However, we could have addressed one additional issue, which is the issue of how to vote cards. I know that it is suggested that this is a self-serving argument, and I wish to address that directly. The first step is to avoid having people along the footpaths and elsewhere thrusting cards on to citizens as they come up to an election polling booth-an intrusion about which many people feel very upset. Although my preference would be to get rid of the cards entirely at that point of the electoral process, the next step could very well be to place them in the entrance to the polling booth, in a designated box, so that electors could take them in an easy fashion and use them if they so wished. That would be a relatively simple way of handling the problem. It would meet the kinds of objections that have been raised about our seeking a self-serving operation. What we are seeking is to remove that operation at the polls. One of the underpinning arguments that we would put is the need constantly to push our citizens to address their civic obligations by knowing precisely what they will do before they even get into the car or walk to the polling booth. Because we have compulsory voting, we do not have the pressure that exists in other countries for political parties to do a whole host of things by way of electoral education. Essentially, what we have to do is to push it back on to the government of the day to provide what in other countries is provided by political parties.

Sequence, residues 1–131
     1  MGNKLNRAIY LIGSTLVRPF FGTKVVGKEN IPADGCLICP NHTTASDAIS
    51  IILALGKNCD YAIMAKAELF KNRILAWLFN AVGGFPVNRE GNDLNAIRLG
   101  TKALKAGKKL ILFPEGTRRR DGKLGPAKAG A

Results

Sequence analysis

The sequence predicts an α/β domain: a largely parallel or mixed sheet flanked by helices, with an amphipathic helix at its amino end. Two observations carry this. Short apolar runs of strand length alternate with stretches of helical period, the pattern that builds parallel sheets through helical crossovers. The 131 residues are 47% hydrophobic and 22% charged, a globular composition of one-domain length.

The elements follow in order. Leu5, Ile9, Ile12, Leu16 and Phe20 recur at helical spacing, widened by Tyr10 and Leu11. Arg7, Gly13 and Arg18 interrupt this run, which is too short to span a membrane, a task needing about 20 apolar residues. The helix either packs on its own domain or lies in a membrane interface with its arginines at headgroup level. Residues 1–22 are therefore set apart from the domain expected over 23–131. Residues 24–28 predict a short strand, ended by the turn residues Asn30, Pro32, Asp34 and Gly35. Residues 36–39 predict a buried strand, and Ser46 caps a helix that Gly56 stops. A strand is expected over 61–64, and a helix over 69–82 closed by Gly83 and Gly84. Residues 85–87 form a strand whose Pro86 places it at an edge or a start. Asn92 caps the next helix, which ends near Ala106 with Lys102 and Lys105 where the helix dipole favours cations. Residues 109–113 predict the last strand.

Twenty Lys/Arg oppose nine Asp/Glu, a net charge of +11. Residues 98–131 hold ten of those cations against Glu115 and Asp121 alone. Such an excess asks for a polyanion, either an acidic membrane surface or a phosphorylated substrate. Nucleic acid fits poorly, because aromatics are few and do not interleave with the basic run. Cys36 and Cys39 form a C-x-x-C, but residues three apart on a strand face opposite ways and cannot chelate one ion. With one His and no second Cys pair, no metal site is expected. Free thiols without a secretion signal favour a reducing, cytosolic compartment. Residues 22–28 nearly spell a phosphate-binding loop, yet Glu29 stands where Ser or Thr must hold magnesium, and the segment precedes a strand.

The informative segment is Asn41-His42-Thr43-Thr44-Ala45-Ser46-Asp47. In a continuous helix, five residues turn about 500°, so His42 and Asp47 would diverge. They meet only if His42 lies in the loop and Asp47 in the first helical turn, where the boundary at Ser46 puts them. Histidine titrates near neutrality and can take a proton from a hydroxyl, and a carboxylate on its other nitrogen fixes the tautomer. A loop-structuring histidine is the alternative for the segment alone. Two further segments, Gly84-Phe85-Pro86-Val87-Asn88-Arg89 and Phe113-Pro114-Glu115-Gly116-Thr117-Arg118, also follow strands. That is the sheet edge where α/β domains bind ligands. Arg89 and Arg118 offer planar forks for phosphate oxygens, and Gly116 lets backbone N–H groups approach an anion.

To add a bit of pressure in this area we might take one step back with regard to how to vote cards. But that is obviously not to be. I submitted a minority report with the first report of the Joint Committee but we have not been able to proceed beyond that point. I doubt whether, even if I moved an amendment, I would get any indication of support from either the Special Minister of State (Senator Tate), who is at the table, or Senator Ray, who is also in the chamber and who is Chairman of the Joint Committee on Electoral Reform.